Question:  Speaking of the successor to Mr. Annan -- has Kofi Annan said anything about, I remember when he gave the year-end UN briefing, he talked about how you need to have someone with thick skin and a sense of humour and what-not – but is he going to be weighing in in the selection process in a more direct way?

Spokesman:  Not at all.  This is purely a Member State-driven issue.  He is not involving himself in the selection of his successor.

Question:  And he doesn’t have any recommendations, perhaps, that he would be floating by the Security Council and ...

Spokesman:  That is purely up to the Member States to decide who the next Secretary-General will be.

Question:  Regarding the mission to the Sudan, does the word “officials” include ambassadors?  If so, which ambassadors went on the mission?  And the second question, the press conferences, two of them, if we could watch them on Channel 78?

Spokesman:  There are a number of distinctive things going on in Khartoum.  One is the mission, led by Ambassador Emyr Jones Parry ( United Kingdom) of the Security Council.  We can give you the full list upstairs.  They will be having the press conference.  It will be in Khartoum.  We’ll see if we can get an audio hook-up.  We’ve tried before, without great success, but we will try again.

The other mission, which is separate from that, is the mission of Jean-Marie Guéhenno, who will lead the AU-UN assessment team.  But, at this point, there is no press conference scheduled for them in Sudan.

Question:  A couple of things:  on the assessment mission –- can we get a rough calendar on when they’re going to arrive in Khartoum, when they’re going to Darfur, when they’re going back to Khartoum?

Spokesman:  Yes, but not right this second from this podium.  But, after, we can try and get you something.

Question:  If I might, another couple of matters:  on Basra in Iraq, there was a report over the weekend that much of the staff of the UN office in Basra had submitted their resignations.  Do you have any detail on how many people are in that Basra office now?

Spokesman:  My understanding is that there has not been a resignation by local staff.  Obviously, with the security situation what it is, often our staff are forced to work from home, but I’m not aware of any mass resignation from local staff.  And, I’ll try to get you a number of how many people we’re talking about.

Question:  And also, a clarification, that there was indeed something that happened to trigger that report that all these people had resigned?

Spokesman:  We’ll see if we can get you something more on that.

Question:  One final thing:  Mogadishu, we have a report out of Mogadishu this morning that the Islamic warlords are essentially claiming to have won the battle of Mogadishu, defeating this anti-terror coalition that many say is the ...

Spokesman:  In fact, I’ve been promised an official statement on that, so one should be coming.

Question:  Can we get any information the UN might have on what is going on there from the people on the spot, if there are any?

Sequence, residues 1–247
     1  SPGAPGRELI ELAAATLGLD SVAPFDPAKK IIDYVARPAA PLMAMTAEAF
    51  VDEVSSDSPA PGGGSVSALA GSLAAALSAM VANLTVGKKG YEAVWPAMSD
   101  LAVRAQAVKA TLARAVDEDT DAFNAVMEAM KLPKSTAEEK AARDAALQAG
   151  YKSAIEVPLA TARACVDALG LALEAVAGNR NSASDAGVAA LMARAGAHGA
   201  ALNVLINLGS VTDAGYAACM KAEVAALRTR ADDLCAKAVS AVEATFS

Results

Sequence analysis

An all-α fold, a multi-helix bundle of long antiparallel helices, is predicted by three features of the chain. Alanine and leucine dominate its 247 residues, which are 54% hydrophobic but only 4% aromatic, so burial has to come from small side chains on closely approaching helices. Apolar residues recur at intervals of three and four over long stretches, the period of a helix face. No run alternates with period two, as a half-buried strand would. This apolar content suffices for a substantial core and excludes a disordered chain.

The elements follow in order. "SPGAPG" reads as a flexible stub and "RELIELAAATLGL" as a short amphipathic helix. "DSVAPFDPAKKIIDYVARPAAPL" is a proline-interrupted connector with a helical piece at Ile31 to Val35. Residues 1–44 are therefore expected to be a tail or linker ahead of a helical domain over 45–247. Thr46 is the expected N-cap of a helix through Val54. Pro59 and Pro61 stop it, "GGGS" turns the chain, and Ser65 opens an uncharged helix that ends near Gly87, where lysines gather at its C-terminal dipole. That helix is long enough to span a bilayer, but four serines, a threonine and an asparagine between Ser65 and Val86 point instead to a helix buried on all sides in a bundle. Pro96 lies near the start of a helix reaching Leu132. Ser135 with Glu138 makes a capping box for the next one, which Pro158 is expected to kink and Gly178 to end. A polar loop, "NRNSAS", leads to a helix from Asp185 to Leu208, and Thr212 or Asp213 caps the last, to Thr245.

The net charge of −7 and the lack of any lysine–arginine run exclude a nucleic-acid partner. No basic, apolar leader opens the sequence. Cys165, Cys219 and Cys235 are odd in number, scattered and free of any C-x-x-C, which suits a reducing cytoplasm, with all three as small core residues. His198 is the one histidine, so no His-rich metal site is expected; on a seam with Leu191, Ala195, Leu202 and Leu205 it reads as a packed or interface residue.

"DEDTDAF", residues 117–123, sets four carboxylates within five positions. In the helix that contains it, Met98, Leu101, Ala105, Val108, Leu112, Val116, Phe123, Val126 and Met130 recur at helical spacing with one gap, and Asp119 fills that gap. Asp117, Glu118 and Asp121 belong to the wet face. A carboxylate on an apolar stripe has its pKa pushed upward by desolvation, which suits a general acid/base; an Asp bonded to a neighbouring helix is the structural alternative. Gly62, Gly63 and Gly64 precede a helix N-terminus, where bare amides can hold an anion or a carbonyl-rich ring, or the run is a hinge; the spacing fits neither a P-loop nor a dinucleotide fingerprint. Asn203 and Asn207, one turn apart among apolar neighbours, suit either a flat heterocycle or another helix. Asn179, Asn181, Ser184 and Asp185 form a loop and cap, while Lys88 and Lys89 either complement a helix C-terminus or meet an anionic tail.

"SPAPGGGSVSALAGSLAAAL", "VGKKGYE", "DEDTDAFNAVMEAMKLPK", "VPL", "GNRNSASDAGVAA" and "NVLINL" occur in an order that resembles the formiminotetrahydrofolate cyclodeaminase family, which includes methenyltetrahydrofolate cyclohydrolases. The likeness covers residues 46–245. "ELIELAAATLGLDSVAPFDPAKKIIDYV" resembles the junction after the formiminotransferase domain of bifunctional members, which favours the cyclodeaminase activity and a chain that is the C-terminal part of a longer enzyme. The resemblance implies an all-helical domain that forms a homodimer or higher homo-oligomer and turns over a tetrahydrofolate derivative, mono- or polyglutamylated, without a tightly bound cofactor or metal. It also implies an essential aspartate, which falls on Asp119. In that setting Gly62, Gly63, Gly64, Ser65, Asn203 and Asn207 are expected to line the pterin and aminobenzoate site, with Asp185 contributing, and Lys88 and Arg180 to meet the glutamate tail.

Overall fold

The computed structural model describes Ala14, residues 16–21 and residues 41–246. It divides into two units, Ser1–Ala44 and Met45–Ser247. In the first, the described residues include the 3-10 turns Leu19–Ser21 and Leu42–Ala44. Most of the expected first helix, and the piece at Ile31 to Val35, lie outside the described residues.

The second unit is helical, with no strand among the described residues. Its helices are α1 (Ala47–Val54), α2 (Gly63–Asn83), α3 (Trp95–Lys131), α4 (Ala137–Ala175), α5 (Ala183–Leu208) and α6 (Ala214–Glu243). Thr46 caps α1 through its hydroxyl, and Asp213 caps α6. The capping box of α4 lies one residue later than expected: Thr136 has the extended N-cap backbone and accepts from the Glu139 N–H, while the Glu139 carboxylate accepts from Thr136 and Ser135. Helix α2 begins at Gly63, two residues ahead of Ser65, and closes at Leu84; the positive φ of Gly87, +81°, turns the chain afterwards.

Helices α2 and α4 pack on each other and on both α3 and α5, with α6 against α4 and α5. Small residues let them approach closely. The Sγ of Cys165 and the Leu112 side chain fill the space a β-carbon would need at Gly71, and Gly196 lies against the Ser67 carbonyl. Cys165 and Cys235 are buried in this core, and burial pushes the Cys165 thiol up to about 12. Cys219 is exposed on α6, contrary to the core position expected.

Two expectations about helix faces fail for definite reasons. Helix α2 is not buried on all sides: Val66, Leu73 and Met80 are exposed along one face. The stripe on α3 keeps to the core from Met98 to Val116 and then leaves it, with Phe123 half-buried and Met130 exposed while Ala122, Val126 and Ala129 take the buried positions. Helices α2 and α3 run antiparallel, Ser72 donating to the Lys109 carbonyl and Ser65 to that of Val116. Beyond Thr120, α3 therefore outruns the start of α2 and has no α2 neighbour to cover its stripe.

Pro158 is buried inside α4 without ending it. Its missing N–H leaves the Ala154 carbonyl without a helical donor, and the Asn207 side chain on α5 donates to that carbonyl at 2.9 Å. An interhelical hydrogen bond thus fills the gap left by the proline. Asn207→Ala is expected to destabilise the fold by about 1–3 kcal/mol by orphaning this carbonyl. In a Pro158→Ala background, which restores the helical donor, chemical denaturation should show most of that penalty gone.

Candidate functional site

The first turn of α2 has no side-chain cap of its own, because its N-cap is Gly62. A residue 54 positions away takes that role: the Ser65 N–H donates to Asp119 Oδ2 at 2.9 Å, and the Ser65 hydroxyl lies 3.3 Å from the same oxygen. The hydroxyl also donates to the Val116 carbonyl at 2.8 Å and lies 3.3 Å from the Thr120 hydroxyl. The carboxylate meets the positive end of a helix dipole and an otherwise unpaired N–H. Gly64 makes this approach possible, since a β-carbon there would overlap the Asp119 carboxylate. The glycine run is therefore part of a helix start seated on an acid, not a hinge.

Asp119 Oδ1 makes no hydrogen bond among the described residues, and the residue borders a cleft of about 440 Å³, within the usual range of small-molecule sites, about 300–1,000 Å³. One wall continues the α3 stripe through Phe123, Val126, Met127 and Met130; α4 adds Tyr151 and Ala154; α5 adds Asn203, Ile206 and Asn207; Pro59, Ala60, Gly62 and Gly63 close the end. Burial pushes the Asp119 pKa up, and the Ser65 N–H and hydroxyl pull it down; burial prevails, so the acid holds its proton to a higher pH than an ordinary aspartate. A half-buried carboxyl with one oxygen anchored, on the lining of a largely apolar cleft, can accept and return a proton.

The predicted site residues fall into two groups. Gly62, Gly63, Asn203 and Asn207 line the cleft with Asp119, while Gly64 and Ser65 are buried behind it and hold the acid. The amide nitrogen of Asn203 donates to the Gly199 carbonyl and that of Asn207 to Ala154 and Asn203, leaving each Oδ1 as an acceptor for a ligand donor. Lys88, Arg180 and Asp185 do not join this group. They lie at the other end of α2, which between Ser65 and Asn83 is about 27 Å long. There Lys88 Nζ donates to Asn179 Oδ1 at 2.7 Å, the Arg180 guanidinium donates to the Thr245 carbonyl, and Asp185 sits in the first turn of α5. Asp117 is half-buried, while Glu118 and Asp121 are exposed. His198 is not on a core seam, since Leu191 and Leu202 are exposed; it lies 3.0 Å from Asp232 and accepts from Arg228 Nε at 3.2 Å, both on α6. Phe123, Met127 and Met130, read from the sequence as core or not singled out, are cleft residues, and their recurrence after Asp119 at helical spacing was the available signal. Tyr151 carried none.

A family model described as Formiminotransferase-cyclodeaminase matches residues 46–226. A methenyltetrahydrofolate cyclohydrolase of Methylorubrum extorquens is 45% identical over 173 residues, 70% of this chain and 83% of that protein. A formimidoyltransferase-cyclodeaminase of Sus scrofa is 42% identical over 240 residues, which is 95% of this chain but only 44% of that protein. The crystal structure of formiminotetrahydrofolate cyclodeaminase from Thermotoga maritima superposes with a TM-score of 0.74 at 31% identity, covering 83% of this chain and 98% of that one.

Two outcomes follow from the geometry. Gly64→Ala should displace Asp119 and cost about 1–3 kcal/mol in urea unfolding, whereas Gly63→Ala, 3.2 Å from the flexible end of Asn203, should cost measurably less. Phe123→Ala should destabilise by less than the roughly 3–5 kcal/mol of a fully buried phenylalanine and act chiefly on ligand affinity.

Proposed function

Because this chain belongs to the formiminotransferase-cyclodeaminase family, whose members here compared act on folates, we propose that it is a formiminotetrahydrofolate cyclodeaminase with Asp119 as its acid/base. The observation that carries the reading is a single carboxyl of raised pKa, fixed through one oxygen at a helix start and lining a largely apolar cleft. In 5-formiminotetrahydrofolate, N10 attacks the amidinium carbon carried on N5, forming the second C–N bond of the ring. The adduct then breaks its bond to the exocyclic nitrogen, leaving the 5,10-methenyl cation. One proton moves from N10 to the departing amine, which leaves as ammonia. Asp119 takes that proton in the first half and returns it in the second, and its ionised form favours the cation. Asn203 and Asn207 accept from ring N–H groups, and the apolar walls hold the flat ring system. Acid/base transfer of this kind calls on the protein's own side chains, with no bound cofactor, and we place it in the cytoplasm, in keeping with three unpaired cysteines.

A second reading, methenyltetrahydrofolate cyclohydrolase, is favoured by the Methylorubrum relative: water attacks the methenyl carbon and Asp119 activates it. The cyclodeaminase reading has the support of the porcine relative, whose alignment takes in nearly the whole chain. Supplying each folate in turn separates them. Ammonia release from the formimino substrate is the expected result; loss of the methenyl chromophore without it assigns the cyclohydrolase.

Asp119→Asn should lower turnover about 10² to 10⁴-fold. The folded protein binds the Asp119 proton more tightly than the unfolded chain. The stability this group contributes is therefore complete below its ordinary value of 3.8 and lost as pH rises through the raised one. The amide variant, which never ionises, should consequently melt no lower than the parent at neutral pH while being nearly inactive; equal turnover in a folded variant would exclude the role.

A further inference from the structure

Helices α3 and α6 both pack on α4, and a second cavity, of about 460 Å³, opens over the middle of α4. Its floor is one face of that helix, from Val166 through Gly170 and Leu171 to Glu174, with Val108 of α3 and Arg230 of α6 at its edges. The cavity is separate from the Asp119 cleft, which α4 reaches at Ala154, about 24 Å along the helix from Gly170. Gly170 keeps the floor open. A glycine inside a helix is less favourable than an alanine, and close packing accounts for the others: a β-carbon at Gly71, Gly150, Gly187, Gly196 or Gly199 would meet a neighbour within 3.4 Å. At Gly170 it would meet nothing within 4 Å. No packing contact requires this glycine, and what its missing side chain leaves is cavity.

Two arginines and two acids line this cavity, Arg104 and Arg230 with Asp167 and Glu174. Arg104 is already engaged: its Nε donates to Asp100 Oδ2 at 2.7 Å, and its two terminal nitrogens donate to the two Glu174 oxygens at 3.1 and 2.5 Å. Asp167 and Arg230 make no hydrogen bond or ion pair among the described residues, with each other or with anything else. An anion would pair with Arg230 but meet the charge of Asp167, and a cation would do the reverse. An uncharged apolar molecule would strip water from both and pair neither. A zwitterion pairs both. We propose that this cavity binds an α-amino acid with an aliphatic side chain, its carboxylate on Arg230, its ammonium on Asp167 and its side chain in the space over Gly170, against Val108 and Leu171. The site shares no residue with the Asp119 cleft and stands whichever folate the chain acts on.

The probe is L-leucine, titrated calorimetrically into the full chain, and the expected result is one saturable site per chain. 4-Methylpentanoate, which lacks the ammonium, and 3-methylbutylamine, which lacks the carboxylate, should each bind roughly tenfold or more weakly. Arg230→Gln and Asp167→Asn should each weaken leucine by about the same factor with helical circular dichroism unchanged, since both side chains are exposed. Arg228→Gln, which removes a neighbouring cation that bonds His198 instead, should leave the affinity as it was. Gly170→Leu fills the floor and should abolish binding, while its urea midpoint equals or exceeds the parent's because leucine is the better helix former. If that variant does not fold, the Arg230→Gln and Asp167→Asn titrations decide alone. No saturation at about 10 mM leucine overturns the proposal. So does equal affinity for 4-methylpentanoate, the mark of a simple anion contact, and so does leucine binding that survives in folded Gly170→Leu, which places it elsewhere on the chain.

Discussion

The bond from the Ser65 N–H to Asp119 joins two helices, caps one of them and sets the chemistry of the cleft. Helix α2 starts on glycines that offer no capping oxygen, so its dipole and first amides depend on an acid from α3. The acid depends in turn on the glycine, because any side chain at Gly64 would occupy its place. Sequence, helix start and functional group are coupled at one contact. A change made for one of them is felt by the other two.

Spokesman:  As I said, we’re waiting for a statement, which should have been here, but is not.

Question:  On the peacekeepers in the Congo, there was a report that they were freed over the weekend.  And, there was another report that Nepal said they didn’t know if they’d been freed.  Do you have a ...

Spokesman:  Unfortunately, they are still being detained, and discussions are continuing to secure their release.

Question:  So that was inaccurate?

Spokesman:  That’s correct.

Question:  Steph, last week, I had asked you about this court in Zanzibar asking the Secretary-General to appear before the court on the issue of reunification of Zanzibar and Tanganyika, and that the UN representative had accepted the summons on behalf of the Secretary-General.  Do you have any update on that?

Spokesman:  I’ll check again.  I thought somebody had gotten back to you.  I apologize.

Question:  Steph, there are growing calls for UN peacekeeping to return to Timor-Leste.  Is there any thinking going on?

Spokesman:  Obviously, when Mr. Martin comes here -- after he briefs the Secretary-General, he will brief the Security Council.  And, one of the many discussions that we need to have with the Security Council is the way ahead for the UN, what sort of presence and posture the UN will have in the coming weeks and months in Timor.

Question:  Will we get a more specific readout on what Mr. Ahmadinejad told Kofi Annan?

Spokesman:  I think we’ll let the Iranian President speak for himself.

Question:  One more -- there’s a letter written by the head of the Eritrea-Ethiopia Boundary Commission to the Secretary-General, and, among other things, he asks the Secretary-General to help him get expedited treatment of staff hired to reopen the Commission’s field offices in Addis Ababa and Asmara, and this is dated a while ago, 21 May, but I think this just came out today.

I’m wondering if they had any luck in staffing these offices since he says that, even though the Secretary-General has said they would be able to use expedited procedures, they’re having a very hard time getting staff there, and it may be irrelevant because he also says they also need the protection of the United Nations Mission in Ethiopia and Eritrea (UNMEE), and if there’s cutbacks in UNMEE, they might not be able to go anywhere.  But, I’m trying to find out the status.

Spokesman:  I’ll check on that.  [The Spokesman later said an answer is being drafted by the UN to the Border Commission.]

Question:  I’m not sure if this is your department, but do you know when Javier Solana is supposed to deliver the [inaudible]?

Spokesman:  I think at some point this week, but only based on what I’ve seen in the press.  Thank you very much.

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For information media • not an official record
For information media. Not an official record.